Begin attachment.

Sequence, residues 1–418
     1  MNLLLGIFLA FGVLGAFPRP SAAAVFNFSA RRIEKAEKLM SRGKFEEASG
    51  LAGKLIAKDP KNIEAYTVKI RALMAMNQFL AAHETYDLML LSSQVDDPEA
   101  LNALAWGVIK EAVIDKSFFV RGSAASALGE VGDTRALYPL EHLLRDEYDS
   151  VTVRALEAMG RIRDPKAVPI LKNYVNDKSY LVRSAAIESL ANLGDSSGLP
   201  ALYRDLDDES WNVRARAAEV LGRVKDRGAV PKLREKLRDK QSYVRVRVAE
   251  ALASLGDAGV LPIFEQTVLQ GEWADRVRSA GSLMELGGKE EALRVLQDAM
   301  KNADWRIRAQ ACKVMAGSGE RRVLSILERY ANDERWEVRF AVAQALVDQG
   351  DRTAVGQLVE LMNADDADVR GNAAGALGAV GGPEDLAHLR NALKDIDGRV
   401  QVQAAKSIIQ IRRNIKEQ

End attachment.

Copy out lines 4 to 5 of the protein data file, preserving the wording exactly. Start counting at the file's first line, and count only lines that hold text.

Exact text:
   101  LNALAWGVIK EAVIDKSFFV RGSAASALGE VGDTRALYPL EHLLRDEYDS
   151  VTVRALEAMG RIRDPKAVPI LKNYVNDKSY LVRSAAIESL ANLGDSSGLP